September 24, 2013 07:29PM
You can use hot tap water on PLA parts to soften them a bit and allow some flex, to fit things together that are otherwise too snug. It also causes the plastic to expand somewhat so better to try this with parts that fit on the outside of something else. This works great also for working loose things like Emmett's Gear Bearing that are articulated but printed in one piece. A good temp to try is ~100-110F or ~40C, but it varies based on the particular formulation of your plastic. Keep in mind that PLA is a relatively poor thermal conductor so it will need some time to warm up. For fitting those corners I would suggest starting with a 1 minute soak in a bowl of 100F warm water then trying the fit. They should slip on much easier, though they will contract some when cool which can make them quite difficult to remove.

Also you probably don't want to do this with parts that contact things that would be harmed by water as printed PLA can trap moisture, causing rust, electrical shorts or water damage to / swelling of wood.
Re: Building a metric Variant
October 01, 2013 06:39AM
Thanks for the tip, I will try it later for the top parts. For now I file and gave the bottom parts two punches until fit perfectly.

Now printing other parts and hit this issue and with similar parts (having large horizontal hole). On very slope edge, the outermost perimeter just felt and did not stick to its adjacent perimeter. I am thinking if that could be because less overlap between adjacent perimeters. I sliced it with KS, 0.49mm perimeter width using 0.35mm nozzle. Shall we use support structure for printing this part? Or anyway we can add more overlap between perimeters?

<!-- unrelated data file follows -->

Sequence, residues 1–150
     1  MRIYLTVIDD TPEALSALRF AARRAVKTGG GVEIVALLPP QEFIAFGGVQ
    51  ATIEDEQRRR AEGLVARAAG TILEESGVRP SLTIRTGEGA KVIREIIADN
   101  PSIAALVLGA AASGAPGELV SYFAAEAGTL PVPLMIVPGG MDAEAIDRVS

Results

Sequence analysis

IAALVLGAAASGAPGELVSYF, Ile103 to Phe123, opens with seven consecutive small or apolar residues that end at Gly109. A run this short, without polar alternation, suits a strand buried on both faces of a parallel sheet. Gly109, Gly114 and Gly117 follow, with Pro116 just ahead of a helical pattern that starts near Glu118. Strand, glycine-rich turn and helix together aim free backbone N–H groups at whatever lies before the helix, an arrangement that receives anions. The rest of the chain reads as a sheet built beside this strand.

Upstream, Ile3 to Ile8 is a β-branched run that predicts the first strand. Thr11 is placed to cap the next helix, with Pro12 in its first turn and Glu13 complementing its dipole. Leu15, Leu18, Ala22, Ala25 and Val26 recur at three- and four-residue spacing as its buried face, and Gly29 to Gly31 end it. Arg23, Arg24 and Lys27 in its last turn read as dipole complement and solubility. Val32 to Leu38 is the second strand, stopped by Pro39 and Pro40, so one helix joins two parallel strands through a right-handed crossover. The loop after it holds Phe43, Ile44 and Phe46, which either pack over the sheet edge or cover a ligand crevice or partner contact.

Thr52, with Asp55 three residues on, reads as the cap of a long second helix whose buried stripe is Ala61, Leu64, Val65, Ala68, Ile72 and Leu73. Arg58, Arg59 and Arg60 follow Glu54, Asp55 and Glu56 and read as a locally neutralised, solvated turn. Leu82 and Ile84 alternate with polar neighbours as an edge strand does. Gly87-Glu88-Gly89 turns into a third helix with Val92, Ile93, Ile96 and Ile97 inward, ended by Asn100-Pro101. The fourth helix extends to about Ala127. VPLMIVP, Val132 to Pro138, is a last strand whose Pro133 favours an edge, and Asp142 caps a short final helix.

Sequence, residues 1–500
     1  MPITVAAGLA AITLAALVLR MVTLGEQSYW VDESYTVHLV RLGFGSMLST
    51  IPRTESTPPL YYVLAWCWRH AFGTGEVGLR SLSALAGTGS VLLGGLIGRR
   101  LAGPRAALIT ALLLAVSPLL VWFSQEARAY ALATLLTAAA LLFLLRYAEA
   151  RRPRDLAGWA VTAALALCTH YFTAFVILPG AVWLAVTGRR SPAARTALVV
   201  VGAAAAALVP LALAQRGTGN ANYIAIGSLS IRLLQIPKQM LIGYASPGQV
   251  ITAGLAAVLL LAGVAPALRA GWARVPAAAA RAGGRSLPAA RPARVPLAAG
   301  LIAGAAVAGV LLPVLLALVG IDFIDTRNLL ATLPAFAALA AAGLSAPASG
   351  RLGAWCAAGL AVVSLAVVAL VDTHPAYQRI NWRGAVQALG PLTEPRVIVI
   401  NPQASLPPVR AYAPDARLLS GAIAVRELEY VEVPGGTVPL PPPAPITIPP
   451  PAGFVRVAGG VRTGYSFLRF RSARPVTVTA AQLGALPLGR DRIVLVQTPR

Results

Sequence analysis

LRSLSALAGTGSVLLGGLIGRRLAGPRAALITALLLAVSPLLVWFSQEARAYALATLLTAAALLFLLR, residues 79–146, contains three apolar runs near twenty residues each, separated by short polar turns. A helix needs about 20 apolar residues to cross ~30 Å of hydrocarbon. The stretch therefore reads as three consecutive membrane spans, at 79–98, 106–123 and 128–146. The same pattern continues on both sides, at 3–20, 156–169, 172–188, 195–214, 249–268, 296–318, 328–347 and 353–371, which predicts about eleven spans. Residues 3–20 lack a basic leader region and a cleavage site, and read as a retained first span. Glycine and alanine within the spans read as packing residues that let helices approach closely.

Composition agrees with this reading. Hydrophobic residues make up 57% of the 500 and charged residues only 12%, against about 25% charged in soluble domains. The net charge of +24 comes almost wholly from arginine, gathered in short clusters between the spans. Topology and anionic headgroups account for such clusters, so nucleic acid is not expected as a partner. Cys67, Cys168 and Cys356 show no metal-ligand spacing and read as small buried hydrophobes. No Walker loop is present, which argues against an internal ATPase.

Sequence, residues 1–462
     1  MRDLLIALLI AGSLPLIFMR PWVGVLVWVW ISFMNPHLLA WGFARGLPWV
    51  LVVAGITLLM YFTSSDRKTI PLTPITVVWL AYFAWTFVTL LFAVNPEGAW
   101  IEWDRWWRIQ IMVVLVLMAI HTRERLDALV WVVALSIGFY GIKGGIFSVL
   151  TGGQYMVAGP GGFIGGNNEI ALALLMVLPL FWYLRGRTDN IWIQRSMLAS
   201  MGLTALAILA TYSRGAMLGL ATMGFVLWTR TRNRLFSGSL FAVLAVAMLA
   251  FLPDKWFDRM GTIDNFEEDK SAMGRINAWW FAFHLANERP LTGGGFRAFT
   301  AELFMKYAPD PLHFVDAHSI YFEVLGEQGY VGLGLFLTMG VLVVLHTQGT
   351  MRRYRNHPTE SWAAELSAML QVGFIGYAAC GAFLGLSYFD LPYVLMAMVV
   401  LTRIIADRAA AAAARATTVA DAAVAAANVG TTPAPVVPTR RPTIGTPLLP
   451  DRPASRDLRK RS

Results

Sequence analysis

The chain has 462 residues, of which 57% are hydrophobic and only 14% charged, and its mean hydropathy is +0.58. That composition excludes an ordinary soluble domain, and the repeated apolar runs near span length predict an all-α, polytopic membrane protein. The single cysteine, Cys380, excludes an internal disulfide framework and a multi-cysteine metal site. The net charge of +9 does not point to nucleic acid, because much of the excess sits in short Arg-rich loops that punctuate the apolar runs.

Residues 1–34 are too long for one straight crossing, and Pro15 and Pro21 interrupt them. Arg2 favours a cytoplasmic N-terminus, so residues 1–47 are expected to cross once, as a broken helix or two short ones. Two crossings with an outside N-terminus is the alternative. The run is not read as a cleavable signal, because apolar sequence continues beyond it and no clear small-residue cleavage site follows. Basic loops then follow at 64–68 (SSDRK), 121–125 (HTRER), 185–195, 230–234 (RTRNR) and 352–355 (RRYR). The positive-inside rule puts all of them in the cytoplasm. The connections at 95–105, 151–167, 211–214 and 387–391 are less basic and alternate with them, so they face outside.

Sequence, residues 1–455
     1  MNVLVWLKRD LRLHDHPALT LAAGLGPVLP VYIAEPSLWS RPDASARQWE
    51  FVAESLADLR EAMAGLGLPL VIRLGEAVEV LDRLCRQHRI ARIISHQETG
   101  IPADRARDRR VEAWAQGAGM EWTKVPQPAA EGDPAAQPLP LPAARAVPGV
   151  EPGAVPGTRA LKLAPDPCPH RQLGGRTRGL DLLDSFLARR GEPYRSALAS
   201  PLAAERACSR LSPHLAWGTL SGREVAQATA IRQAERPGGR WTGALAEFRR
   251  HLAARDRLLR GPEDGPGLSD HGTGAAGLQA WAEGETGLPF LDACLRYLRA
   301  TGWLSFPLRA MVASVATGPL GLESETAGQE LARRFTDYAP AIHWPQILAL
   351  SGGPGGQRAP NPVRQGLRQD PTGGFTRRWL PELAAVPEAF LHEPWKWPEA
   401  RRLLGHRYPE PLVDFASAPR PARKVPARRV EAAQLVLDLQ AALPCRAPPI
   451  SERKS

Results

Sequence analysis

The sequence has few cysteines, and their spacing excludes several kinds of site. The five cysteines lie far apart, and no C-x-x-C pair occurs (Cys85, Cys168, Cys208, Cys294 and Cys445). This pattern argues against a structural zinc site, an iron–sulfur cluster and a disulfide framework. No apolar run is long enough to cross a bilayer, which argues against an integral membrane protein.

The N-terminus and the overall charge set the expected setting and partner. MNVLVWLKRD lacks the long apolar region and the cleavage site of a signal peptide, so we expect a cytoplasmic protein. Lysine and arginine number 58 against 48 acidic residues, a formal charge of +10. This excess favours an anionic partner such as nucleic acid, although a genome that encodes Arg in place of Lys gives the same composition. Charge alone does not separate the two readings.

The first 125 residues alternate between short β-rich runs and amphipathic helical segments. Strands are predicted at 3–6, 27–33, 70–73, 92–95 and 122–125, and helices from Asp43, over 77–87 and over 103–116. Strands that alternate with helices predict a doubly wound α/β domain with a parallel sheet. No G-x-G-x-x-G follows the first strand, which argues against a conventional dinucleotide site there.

Thanks.
Attachments:
open | download - xy-end-left.JPG (161.7 KB)
Re: Building a metric Variant
October 01, 2013 11:42AM
Those should be printed in the orientation the files are supplied. Or in other words vertically.


FFF Settings Calculator Gcode post processors Geometric Object Deposition Tool Blog
Tantillus.org Mini Printable Lathe How NOT to install a Pololu driver
Re: Building a metric Variant
October 01, 2013 11:46AM
Hmm, looks like you printed these lying flat - meaning the near side in your image flipped down onto the build surface? They print best upright, in the orientation your printer shows.
Re: Building a metric Variant
October 01, 2013 04:40PM
Helmi Wrote:
-------------------------------------------------------
> I finally found some laser cutting services that
> can cut me some 6mm acrylic but it's more
> expensive than i thought. How much did it cost for
> you guys that already built an acrylic version?
> looks like it's around 100€ here (which is about
> 130$ USD). Going with the printed version is not
> an alternative for me as i'd like to have a
> beautiful piece on my desk and the acrylic version
> really looks neat. smiling smiley
>
I've just completed a mainly metric version using an Indieflow acrylic case from Emaker. As I had no access to a printer, he also sold me a set of imperial printed parts. I created a BOM from information on Tantillus.org and Willworkforplastic's metric design. It is pretty straightforward to source equivalent metric hardware in M3, M4 and M5. I did use 4 1/2" UNC for the hobbed bolt and 1/4 stainless for the Z axis. The metric hardward works OK with the imperial plastic parts, though some of the nuts need assistance to lock in their captive pockets. This make tensioning the lower cables a bit frustrating. Now I have the printer working I intend to make mertic parts for these areas.